For the last 21 years, the Spokane Farmers’ Market has brought produce straight from the farm to the people of Spokane.
Diane Reuter of Tolstoy Farms was one of five farmers that founded the market all those years ago, promising to deliver real, freshly grown produce. Today, she is one of the two farmers that still remain at the market from that orginal crop, but now she is the manager.
“We didn’t have a manager in the very beginning because we were very small,” Reuter said. “We were just five farmers who wanted to have a market.”
The founding of the market came from a need for a farmer-friendly and consistent market, according to Reuter.
“There used to be this place called the Spokane Public Market that kept moving around. Every year it was some place new and it really wasn’t farmer-friendly,” she said.
By “not farmer-friendly,” Reuter is referring to what are known in the farmers’ market community as “high stallers.” she said, high stallers are vendors who are allowed to come into markets and sell wholesale goods alongside farmers who actually produced the goods they were selling.
“They are people that go to produce warehouses, buy produce and then resell it,” Reuter said.
Competing with high stallers led to a necessity for a real farmers’ market, she said. With this in mind, the five farmers began the market in the parking lot of First Covenant Church on Division Street. From there, the market began to grow. With this growth, came the need for more direction.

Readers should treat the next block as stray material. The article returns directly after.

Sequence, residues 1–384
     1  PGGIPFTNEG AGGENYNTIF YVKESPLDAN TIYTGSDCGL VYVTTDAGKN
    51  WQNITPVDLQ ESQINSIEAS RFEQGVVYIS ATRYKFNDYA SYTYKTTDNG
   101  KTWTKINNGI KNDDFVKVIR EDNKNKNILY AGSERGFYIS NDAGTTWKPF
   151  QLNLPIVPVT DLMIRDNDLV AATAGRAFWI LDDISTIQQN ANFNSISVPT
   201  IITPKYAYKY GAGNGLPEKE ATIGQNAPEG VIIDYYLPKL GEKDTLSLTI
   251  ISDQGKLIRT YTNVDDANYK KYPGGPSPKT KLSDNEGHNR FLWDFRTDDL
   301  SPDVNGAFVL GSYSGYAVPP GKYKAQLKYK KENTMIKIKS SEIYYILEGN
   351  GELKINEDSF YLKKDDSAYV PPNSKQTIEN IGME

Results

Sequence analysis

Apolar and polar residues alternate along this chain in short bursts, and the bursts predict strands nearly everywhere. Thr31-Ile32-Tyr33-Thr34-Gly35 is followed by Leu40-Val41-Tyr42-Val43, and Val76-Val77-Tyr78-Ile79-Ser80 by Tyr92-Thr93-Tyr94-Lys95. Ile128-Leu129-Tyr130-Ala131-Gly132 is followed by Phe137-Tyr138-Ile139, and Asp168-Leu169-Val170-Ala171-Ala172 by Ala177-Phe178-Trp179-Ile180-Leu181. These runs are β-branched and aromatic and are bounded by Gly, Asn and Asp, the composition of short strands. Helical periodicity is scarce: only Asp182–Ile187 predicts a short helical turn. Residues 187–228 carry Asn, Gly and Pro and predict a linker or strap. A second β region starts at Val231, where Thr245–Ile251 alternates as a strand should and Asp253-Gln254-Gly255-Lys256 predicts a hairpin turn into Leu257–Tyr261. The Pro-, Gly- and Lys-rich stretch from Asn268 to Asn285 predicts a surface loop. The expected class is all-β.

“We decided we needed a market manager, and they decided I should be it,” Reuter said.
She is now in charge of market operations while it runs from May to October in its newer location at 20 W. 5th Ave. between Division Street and Browne Street.
According to Reuter, the market can be seen teeming with people, especially on sunny Saturday mornings during the summer.
“There are also a lot of regulars,” Reuter said. “There is one guy who comes to every market. Today he came in and asked when the last day was and I told him Oct. 30th. He said, ‘Good! Then I won’t be wiping out my bank account every week!’”
It would not be difficult to spend a lot of money at the market because of the abundance of vendors and the variety of products. The products themselves remain relatively affordable. Reuter’s favorite vendor is Cliffside Orchards, she describes the fruit as the best she’s ever had.
Many of the vendors have been selling with the market for many years. Vendor James Rowley attributed this to the importance of consistency. According to Rowley, the best way to sell is to show up often and create a connection with the clientele.
Rowley is of Spring Water Farms and sells a variety of beef, pork, poultry and eggs.
His favorite vendor, which was met with resounding agreement from other vendors, is not surprising.
“I love the baked goods,” Rowley said.
Vendors and customers agree that David Ainley, the owner and operator of The Scone Ranger, has the best baked goods to offer.
Ainley is a disabled veteran who was unable to utilize his degree in engineering after a head trauma. He returned to school for accounting but decided to utilize his talents in a new way.
“There were a lot of accountants out of work, so I decided to do something that we needed in Spokane, and that was scones that weren’t dry and crumbly,” Ainley said.
The Scone Ranger sells both regular and vegan scones and can be found not only at the Spokane Farmers’ Market every Wednesday and Saturday, but also at several markets around the area and about 20 different local coffee shops.
The Spokane Farmers’ Market comes together every Wednesday and Saturday from 8 a.m. to 1 p.m. because of the farmers’ and vendors’ passions for delivering farm fresh produce to the people of Spokane.